I don’t understand why people in the olden days always made the same mistakes. When will they learn that reincarnating a powerful dead being can only lead to trouble? It’s the same burden that lead to the downfall of the guys in Lord of the Rings
and it’s the same premise here in Dungeons & Dragons: Heroes
. It’s like as if people in the olden days never figured out how to heed the caution of warning signs. You’d think that a charred skeleton outside the entrance of a dragon’s lair would be more than enough to turn the most thick-headed knight around but then again, you weren’t alive in the olden days. Leave it to the Dungeons & Dragons franchise to offer some insight of just what life was like back then, but if Heroes
is any indication of life in the days of yore, count me out I’d rather watch the paint dry on the side of my house.
Don’t get me wrong, it’s not that I didn’t want to like Heroes. It’s just that there wasn’t very much for me to hold on to. After the first couple of hours everything kind of meshes together into one big repetitive and jumbled mess. Dungeons tries to add some depth by allowing you to choose from four distinct classes but some of them are seriously more attractive than the others. There’s just not enough variation between classes here to make me want to choose them over another. The abilities and upgrades make a pretty large impact on the game though and are a very welcome addition.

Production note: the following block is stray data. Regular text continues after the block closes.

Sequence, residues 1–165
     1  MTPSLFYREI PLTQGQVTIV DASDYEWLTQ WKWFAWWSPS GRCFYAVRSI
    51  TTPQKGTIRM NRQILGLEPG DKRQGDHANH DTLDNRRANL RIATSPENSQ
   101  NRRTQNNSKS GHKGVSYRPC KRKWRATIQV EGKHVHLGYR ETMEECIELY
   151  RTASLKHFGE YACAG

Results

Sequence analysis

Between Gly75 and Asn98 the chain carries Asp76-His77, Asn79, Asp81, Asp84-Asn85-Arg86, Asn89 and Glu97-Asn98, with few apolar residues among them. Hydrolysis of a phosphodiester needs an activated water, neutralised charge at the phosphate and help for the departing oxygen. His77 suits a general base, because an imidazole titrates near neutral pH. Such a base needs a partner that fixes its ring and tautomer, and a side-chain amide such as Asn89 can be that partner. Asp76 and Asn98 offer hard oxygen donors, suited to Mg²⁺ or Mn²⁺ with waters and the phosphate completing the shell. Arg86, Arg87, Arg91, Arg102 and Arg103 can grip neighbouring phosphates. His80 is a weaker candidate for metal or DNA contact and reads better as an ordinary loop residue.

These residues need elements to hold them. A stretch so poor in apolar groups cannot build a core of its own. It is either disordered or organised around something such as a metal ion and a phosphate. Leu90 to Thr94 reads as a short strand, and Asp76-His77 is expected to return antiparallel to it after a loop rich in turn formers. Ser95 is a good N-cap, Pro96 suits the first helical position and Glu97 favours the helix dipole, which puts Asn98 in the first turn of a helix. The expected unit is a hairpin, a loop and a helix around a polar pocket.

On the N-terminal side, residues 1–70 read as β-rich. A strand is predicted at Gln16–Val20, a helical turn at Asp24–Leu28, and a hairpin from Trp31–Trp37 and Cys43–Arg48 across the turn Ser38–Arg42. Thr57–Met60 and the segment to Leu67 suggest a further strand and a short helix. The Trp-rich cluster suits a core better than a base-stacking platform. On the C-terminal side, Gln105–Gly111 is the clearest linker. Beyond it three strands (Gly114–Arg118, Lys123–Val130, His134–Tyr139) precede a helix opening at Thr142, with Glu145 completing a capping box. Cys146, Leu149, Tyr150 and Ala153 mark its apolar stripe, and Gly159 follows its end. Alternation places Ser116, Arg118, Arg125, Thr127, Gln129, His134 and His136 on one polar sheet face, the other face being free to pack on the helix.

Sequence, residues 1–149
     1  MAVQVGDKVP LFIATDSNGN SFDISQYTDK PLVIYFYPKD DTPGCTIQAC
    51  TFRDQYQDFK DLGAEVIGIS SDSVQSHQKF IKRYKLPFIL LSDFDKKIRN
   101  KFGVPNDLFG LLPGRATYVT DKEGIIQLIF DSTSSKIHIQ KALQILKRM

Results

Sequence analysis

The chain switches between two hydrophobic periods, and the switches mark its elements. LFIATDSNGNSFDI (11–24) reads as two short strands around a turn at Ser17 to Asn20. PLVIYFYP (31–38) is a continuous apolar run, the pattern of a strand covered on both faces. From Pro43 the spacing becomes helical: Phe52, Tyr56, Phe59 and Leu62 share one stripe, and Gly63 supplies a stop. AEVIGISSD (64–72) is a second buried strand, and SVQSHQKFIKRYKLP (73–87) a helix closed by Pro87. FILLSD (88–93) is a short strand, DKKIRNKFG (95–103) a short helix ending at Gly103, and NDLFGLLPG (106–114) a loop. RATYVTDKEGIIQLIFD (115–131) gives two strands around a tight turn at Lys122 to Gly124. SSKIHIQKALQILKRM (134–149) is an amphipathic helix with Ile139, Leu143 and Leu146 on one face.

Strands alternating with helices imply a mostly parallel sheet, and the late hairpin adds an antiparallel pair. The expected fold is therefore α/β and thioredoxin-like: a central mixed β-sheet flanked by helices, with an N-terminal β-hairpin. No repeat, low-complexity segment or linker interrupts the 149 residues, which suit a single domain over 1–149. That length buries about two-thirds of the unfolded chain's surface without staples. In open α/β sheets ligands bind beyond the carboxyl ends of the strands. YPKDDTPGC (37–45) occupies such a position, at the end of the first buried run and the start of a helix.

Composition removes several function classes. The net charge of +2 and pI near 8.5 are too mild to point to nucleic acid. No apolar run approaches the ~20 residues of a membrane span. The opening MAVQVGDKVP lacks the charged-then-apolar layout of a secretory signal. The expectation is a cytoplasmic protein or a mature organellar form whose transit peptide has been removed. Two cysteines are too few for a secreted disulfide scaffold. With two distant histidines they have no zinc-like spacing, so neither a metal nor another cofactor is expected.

For gamers who are looking for a great co-operative game then this is your bag. Want to prove to your girlfriend that it was worth buying the two extra Xbox controllers instead of taking her out to dinner? Then make sure to pick up D&D Heroes because it’s one of the best multiplayer games that the system has to offer. Working co-operatively as you hack’n’slash your way through an endless entourage of minions la Gauntlet
brings a hell of a lot of fun, just don’t go at this game alone though because it’s a pretty mundane solo experience.
If there’s one large problem it’s that the game became repetitive far too soon. It doesn’t help matters much that you’re hacking through and endless entourage of boring, uninspired and generic-looking monsters either. There’s very little variety in the creature design and when you look at them you’ll notice plenty of visual deficiencies. This also carries on to the boss battles which are so boring, slow and disjointed that you’ll be begging for them to end. Playing the game at 11p.m. I literally almost felt asleep during the middle of the game’s first boss battle.
Most of the visuals don’t do too much to excite me either as older games such as Hunter: The Reckoning
look much better in comparison. Some of the playable character models look and animate well but the enemies are very plain and boring. There are some neat particle effects and lighting effects here and there but nothing that really pushes the power of the Xbox.
If you’re looking for a game that does a good job of pushing the status quo then look no further than D&D Heroes
. Not that this is a bad game, it’s just that it doesn’t do anything to further advance the genre. It’s perfectly satisfied with being average and in that respect it’s a decent adventure that is well worth a rental.
Guantlet-style games have really become fashionable lately. Inteplay did it with Hunter and Baldurâ€™s Gate: Dark Alliance, Sony Online Entertainment is doing it with their EverQuest series and now, Atari is doing it with its Dungeons & Dragons license. Instead of putting a different twist on the take, the company decides to stick to the roots and in the end the product is a pretty respectable outing that will be enjoyed by fans of co-operative multiplayer games.
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